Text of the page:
The status of the middle (3-8 µm) and long (8-16 µm) wavelength Hg1-¬xCdxTe infrared detectors is reviewed with special emphasis on the uncooled operation niche, the Polish specialization in the field.
The devices are based on multilayer Hg1 xCdxTe heterostructures with complex band gap and doping profiles. Modified isothermal vapor phase epitaxy (ISOVPE) has been used for many years for research and commercial fabrication of photoconductive, photoelectromagnetic and photovoltaic devices. At present, the fabrication of IR devices relies on a low temperature epitaxial technique, namely metalorganic vapor phase deposition (MOCVD).
Photoconductive and photoelectromagnetic detectors are still in production. The devices are gradually replaced with flicker noise free photovoltaic devices which offer inherent advantages of no electric or magnetic bias, no heat load. The PV devices could offer high performance and very fast response. Actually, the uncooled long wavelength devices of conventional design suffer from two issues; namely low quantum efficiency and very low junction resistance. It makes them useless for practical applications.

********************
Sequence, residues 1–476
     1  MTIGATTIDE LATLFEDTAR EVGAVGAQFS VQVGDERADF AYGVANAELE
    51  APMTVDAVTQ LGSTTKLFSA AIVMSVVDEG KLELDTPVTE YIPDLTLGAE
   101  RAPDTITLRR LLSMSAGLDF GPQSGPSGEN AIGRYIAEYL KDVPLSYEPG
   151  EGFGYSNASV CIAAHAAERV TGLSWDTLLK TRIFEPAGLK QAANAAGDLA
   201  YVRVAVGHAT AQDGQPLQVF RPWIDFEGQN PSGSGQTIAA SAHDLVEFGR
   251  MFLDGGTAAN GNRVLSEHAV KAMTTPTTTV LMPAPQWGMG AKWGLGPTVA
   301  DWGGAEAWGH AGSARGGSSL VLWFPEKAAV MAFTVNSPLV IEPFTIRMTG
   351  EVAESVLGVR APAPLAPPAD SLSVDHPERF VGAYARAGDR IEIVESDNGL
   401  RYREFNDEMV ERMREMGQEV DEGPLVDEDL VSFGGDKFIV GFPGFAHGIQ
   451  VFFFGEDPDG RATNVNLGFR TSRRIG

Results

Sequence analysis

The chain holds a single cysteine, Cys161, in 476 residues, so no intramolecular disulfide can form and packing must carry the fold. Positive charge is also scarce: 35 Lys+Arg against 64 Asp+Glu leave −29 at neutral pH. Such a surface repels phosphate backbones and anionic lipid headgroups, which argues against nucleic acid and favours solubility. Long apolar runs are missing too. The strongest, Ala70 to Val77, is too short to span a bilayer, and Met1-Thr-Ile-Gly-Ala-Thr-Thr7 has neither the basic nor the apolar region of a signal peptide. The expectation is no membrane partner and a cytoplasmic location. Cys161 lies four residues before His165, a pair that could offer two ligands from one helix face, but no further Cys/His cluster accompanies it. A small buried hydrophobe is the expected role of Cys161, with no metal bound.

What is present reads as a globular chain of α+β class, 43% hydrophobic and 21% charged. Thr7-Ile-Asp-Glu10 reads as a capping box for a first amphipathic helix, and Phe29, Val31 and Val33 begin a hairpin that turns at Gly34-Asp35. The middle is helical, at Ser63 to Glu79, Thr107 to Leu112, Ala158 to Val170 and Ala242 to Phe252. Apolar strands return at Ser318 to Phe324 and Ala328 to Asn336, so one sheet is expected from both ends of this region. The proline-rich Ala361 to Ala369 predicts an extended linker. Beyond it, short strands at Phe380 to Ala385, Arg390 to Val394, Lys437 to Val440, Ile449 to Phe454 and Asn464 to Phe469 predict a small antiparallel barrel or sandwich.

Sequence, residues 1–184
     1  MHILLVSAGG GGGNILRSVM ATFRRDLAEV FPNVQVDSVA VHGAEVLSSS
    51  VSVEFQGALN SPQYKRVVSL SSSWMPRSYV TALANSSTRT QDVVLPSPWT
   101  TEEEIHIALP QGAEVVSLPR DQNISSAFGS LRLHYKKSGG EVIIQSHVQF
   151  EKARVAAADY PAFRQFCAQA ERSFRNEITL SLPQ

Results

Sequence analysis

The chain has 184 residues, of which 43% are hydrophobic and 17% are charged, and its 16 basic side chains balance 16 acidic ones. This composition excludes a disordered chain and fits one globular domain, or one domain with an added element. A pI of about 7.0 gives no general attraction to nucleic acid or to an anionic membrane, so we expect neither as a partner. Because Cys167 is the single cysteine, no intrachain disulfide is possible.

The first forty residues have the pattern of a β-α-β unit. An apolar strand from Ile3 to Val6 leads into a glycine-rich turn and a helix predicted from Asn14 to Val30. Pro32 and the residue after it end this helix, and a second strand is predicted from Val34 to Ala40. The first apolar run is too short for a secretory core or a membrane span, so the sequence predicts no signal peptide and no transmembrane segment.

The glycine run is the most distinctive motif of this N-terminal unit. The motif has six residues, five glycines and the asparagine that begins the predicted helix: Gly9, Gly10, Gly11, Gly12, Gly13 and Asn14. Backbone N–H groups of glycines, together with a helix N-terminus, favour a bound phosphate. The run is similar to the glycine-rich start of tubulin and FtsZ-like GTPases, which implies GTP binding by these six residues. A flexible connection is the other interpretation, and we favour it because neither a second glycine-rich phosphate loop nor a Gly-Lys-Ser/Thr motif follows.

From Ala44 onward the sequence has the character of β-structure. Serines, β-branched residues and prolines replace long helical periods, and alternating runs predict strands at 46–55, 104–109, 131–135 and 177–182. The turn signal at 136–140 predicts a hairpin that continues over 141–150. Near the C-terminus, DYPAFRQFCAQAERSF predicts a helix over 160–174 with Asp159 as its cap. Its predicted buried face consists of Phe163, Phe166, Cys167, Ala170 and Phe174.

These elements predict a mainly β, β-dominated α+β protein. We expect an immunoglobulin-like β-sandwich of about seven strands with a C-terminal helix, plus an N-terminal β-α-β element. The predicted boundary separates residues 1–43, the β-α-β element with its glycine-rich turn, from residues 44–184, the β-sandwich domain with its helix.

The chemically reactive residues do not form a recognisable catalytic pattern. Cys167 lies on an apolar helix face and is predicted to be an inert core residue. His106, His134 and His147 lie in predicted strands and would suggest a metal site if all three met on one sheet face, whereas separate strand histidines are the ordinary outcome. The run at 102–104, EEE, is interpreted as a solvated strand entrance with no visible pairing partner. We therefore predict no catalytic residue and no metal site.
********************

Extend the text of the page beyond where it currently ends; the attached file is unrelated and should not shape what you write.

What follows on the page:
The problems have been solved with advanced 3D band gap engineered architecture, multiple cell heterojunction devices connected in series, monolithic integration of the detectors with microoptics and other improvements.
The present fabrication program includes devices which are optimized for any wavelength within a wide spectral range 1 16 µm and operation in the 200-300 K temperature range. Special solutions have been applied to improve speed of response leading to picoseconds range response times.
The devices have found increasingly widespread civilian (pyrometry, thermography, gas analysis based on conventional, laser and Fourier transform spectroscopy, free space high transfer rate optical communications, laser technology, test and science equipment) and military (night vision, laser range finder, threat warning devices, gun sights, smart munitions) applications. The elimination of cooling will lead to a significant reduction in cost, logistical supply, and an increase in the mean time between failures.